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NerdyKeith's avatar

Americans, why do many of you refer to toilets / bathrooms as a "restroom”?

Asked by NerdyKeith (5451points) March 22nd, 2016

We in Ireland call them “the toilets”, as they are rooms for going to the toilet. Sometimes we do call them “bathrooms”, which arguably doesn’t always make sense as public toilet facilities tend to not have a bath in them. The bathroom reference is more closely relevant to private bathrooms in our homes.

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34 Answers

ARE_you_kidding_me's avatar

Because it is the polite way to say it here. “Toilet” has a crude tone in certain context. It’s not offensive to say it that way though, just a little brash.

DoNotKnowMuch's avatar

I have 3 kids. It’s the only place I can get some rest.

gorillapaws's avatar

“I’m going to the toilet” sounds too close to “I’m going to take a dump” (to my ear at least). It’s crass. Maybe you just need to wash your hands before eating? “Restroom” keeps your activities more ambiguous and therefore more polite.

ucme's avatar

Because they talk & spell funny ;-}
Talking of funny, as in peculiar, a rest room would be more suitable for a lounge surely.

ibstubro's avatar

Because when you’re a kid growing up it’s about the only place you’re assured of some privacy. “Breakroom” was already taken, so we’ll have a little rest, instead.

Besides, the toilet isn’t the only thing in there? “I’m going to the toilet” is a little crude, and TMI. And I haven’t had a bath in years.
BRB. I’m going to the shower restroom.

Seek's avatar

It’s a holdover from Victorian times, when referring to any bodily function was considered perverse.

Restroom, powder room, littlest room, etc. are all euphemisms for the same thing.

thorninmud's avatar

Even the word “toilet” was originally a dodge for avoiding the ugly reality of bodily functions. It’s derived from the French (giving it a veneer of class) term for washing up.

Strauss's avatar

I think @Seek has it correct. Even “water closet” was lacking decorum.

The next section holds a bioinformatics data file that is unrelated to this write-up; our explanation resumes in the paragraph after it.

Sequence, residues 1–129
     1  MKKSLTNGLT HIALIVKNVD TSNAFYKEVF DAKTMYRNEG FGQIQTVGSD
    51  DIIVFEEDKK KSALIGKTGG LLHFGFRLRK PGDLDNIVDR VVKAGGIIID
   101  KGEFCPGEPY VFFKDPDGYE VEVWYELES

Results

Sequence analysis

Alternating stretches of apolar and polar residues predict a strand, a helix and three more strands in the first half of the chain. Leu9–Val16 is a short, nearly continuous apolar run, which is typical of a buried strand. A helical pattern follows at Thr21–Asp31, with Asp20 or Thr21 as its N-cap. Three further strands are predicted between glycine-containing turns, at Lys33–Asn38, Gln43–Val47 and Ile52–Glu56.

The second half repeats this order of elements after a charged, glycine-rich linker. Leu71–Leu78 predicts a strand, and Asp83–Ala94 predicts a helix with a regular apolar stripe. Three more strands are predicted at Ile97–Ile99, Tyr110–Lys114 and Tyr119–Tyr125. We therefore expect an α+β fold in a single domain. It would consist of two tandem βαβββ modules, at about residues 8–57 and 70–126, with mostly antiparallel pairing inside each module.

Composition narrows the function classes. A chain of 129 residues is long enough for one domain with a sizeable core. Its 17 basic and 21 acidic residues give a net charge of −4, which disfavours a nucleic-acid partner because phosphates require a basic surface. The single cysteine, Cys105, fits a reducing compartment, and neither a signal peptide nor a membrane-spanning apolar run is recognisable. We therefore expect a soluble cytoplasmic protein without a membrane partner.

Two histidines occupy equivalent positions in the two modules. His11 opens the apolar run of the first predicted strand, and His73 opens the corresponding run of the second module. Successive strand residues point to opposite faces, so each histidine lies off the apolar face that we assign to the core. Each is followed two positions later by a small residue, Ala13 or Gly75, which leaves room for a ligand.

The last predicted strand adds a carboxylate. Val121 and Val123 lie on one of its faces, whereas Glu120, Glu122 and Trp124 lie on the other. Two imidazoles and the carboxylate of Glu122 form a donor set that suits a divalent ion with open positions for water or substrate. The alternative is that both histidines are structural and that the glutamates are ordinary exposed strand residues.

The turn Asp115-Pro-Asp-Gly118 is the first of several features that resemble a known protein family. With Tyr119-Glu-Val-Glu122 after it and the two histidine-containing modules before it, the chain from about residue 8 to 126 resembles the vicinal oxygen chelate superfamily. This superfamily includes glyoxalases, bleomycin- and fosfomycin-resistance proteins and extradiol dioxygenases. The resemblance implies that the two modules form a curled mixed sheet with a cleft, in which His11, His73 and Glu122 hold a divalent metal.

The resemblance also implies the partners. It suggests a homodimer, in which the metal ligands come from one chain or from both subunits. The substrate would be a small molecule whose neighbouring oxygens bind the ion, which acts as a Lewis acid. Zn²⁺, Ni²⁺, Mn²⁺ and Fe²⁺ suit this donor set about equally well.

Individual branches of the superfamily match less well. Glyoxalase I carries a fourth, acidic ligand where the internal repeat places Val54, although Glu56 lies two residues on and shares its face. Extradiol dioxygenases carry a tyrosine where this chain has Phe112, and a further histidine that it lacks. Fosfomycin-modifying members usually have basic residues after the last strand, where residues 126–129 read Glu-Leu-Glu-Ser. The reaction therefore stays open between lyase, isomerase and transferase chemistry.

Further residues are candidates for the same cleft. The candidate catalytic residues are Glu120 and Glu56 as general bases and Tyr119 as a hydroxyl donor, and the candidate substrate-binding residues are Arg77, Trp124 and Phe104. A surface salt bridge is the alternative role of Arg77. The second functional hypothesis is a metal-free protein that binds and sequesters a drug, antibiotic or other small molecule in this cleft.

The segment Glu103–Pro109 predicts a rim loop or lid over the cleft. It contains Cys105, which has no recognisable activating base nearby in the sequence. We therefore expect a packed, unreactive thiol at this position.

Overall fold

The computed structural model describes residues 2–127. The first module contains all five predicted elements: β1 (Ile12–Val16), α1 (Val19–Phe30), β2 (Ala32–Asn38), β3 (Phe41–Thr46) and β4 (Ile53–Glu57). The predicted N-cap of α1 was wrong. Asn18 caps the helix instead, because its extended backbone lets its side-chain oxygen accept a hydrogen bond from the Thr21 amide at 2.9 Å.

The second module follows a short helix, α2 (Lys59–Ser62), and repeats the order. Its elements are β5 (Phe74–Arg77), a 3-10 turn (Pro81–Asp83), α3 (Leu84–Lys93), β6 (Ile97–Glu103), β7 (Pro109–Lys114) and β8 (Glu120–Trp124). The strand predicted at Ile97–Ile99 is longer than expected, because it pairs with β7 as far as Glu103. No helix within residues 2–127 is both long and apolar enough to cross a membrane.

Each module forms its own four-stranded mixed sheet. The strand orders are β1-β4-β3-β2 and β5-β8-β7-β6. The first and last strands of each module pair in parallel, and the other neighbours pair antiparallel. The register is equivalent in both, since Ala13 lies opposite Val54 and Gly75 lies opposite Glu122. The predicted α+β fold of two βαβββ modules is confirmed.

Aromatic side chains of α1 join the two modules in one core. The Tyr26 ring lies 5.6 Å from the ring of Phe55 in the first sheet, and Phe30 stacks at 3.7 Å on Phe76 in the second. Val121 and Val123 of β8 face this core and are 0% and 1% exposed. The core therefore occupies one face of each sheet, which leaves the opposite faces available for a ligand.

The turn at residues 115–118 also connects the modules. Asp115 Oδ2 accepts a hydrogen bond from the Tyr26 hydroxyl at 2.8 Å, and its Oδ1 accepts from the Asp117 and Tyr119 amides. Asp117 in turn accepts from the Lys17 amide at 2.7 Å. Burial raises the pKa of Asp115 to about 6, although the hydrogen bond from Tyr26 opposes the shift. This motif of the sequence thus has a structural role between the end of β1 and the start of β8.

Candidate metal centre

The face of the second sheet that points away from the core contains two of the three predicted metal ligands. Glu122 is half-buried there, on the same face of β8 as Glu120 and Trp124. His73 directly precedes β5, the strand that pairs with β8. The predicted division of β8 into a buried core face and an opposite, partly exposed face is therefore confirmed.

ucme's avatar


jca's avatar

I’ll say “restroom” or “bathroom.”

Toilet sounds crude to most in the US, I’d guess.

Someone in my family is a Brit and he calls it “the smallest room.”

cookieman's avatar

I often say, “I’m off to visit the porcelain.”

I do use “restroom” as well. I also like the British “loo”.

I don’t know, I’m all for keeping it real and the gritty reality of life, but I find euphemisms and polite phrases fun and functional. There’s enough ugly in the world, why not strive for some lightness where we can?

marinelife's avatar

Private bathrooms in homes I say “bathroom”. Public facilities I call “restrooms”.

zenvelo's avatar

Ladies rooms in many places actually have a place to sit for a moment, like a couch.

Here2_4's avatar

Very fancy ladies rooms have places to sit, used to have ashtrays, and women will sometimes take a break… from a loud party or dinner, freshen makeup, nurse babies, take off the high heels and massage the tootsies, many things are done in there. Mostly it goes with the ladies. With high heels, babies, small children, there are so many reasons to take a bit if a break. There are many reasons to break from activities a bit and rest.
See if you might care to rest here

kritiper's avatar

I can only add that the term originated in approx. 1899.

DominicY's avatar

I wish we could just say “toilet” as they do in the UK, but I grew up with “bathroom” and “restroom”, never really understanding where the latter came from (as others have said, it mostly refers to public bathrooms), although I knew they were both euphemisms.

For most men’s rooms, you want to do anything but rest in there.

kritiper's avatar

I think @Here2_4 nailed it.

JeSuisRickSpringfield's avatar